In June, Maple Leaf Sports and Entertainment CEO Tim Leiweke confirmed that the Toronto Raptors were “considering” a name and/or uniform change, one put in place to presumably distance itself from the “Jurassic Park”-y origins of its current nickname. This set off a wild batch of speculation and solid contributions from both fans and tastemakers, none tastier than the list dreamed up by our own Eric Freeman.
The Toronto Star recently invited Raptor fans to submit their own ideas for a name or uniform change, and the paper received 150 submissions as a result. Star columnist Doug Smith narrowed down the choices to five, and presented them to both menswear designer Christopher Bates, and Raptors forward/center Amir Johnson for approval. They both seemed taken with the work of local artist and Raptors fan Matthew Stasnya, whose jersey design is featured above.
Amir Johnson, the Raptors forward in Toronto last week for a youth basketball camp at Humber College, called the design “masculine.” Menswear designer Christopher Bates pointed to a strong logo design that carried Stasyna’s concept to the top.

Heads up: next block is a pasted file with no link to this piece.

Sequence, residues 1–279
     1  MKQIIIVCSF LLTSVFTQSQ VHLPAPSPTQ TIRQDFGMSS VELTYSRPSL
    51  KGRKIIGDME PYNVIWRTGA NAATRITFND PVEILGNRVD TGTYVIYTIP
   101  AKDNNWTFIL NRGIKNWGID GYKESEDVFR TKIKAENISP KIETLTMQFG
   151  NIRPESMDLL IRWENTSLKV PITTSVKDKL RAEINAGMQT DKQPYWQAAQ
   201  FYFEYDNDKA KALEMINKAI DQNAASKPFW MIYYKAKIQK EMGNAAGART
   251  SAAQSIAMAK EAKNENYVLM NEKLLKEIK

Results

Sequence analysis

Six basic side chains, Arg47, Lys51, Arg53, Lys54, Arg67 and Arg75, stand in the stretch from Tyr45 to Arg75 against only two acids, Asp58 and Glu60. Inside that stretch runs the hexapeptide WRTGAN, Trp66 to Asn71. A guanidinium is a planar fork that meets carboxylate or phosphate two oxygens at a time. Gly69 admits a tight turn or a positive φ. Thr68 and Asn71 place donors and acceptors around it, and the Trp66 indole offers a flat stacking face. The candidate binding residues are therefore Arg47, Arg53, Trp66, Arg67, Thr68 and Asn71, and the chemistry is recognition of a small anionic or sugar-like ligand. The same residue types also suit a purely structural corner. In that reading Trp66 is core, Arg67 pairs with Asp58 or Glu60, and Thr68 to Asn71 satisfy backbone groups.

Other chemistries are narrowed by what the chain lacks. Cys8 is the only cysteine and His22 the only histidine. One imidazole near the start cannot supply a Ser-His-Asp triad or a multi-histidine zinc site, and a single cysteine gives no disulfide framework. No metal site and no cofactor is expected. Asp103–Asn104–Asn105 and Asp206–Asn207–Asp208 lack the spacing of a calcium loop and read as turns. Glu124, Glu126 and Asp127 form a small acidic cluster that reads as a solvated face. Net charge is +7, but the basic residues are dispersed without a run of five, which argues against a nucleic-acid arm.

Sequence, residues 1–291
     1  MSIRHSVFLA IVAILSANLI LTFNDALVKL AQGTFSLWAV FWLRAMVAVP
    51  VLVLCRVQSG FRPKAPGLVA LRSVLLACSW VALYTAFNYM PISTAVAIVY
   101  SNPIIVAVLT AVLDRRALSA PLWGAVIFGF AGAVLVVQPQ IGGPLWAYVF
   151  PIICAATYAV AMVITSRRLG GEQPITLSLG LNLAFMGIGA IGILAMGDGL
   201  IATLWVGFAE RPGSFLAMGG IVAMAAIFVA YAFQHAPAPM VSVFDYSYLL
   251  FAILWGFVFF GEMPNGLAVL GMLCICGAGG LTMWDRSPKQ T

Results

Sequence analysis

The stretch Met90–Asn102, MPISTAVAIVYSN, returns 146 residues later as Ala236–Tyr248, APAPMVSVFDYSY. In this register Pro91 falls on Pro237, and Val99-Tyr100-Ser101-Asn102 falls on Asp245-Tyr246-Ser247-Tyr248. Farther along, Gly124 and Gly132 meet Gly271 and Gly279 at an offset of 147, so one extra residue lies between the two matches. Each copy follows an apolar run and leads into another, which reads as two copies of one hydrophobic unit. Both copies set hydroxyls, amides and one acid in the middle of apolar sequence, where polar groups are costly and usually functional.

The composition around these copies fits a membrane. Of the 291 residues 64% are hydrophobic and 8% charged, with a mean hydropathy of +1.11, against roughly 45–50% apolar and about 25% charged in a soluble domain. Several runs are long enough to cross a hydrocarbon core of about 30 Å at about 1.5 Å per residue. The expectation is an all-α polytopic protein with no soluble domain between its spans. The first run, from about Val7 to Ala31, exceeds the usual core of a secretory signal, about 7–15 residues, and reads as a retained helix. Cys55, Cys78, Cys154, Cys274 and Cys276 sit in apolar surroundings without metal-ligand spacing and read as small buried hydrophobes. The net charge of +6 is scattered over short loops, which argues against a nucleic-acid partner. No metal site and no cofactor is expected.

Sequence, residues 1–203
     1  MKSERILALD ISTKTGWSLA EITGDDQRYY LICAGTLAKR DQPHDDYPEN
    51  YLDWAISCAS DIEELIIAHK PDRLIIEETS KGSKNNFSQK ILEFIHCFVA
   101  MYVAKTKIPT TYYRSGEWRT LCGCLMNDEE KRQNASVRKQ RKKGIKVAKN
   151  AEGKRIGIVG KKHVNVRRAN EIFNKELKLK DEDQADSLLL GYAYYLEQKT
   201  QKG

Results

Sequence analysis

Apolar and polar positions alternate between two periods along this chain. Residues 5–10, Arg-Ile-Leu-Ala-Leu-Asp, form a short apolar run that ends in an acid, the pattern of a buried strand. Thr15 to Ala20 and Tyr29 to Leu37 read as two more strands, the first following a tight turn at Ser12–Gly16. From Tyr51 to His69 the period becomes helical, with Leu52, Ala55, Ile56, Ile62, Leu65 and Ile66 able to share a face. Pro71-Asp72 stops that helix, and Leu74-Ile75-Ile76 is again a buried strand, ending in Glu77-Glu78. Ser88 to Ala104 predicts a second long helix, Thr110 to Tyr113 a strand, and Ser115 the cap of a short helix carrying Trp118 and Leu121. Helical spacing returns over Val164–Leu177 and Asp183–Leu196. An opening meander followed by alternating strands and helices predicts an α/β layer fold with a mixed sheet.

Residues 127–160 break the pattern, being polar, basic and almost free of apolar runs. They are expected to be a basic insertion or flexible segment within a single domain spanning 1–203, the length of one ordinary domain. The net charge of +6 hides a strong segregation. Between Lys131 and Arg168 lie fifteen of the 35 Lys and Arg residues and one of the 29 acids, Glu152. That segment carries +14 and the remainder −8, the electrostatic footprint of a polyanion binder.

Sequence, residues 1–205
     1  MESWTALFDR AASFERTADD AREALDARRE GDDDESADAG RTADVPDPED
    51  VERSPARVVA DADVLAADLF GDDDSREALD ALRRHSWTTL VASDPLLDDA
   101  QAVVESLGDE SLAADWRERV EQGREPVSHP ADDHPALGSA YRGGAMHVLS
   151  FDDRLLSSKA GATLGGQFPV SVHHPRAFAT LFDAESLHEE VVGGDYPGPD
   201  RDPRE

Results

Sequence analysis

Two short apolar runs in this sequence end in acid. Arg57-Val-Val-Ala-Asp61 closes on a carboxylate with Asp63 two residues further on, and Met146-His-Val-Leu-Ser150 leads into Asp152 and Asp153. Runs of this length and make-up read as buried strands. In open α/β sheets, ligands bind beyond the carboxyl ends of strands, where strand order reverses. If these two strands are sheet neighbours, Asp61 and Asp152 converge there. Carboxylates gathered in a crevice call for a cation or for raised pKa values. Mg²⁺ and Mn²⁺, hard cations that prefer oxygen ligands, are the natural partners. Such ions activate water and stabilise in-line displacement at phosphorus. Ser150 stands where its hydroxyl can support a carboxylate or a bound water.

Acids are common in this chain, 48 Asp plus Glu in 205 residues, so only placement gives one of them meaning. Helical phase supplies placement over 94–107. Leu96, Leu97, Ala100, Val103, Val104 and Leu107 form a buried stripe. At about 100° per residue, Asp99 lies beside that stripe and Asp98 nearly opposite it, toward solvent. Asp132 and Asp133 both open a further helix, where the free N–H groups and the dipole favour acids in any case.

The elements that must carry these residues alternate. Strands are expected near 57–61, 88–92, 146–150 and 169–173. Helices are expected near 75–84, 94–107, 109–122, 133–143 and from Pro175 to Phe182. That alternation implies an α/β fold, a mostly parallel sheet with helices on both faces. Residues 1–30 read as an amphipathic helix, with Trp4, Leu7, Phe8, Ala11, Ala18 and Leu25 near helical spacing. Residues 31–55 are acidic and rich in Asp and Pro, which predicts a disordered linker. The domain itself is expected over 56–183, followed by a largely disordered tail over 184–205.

The Star’s resident basketball reporter, Doug Smith, looked on and nodded.
Dressed in shorts, low-cut chucks and ankle socks, Smith agreed with the 26-year-old NBAer and the 34-year-old designer trained in Milan — the dual-bite was head and shoulders above the rest.
“I’m just kind of overwhelmed right now,” Stasyna said when he heard the news. “I’m excited. I really hope they move forward with the jerseys.
“I think it speaks to the past because I think whoever designed the original dinosaur did an amazing job,” said Stasyna.
That’s obvious, because given the wide array of options (including nods to “Jurassic Park,” with JP-foliage in tow, and several suggested name changes to the Toronto Huskies), Stasyna’s design is most in line with the Raptors recent logo history. That’s not a shot, just a nod to his decision to keep the original dinosaur in the building. We agree with Bates and Amir – it’s a pretty cool design.
Earlier this year Leiweke also spoke of possibly making a move to feature Canada’s iconic maple leaf flag into their logo somehow, and it appears that Stasyna found a way to weave the leaf into his design. Bates is a fan, pointing out that if the leaf reference “was intentional, it was brilliant.”
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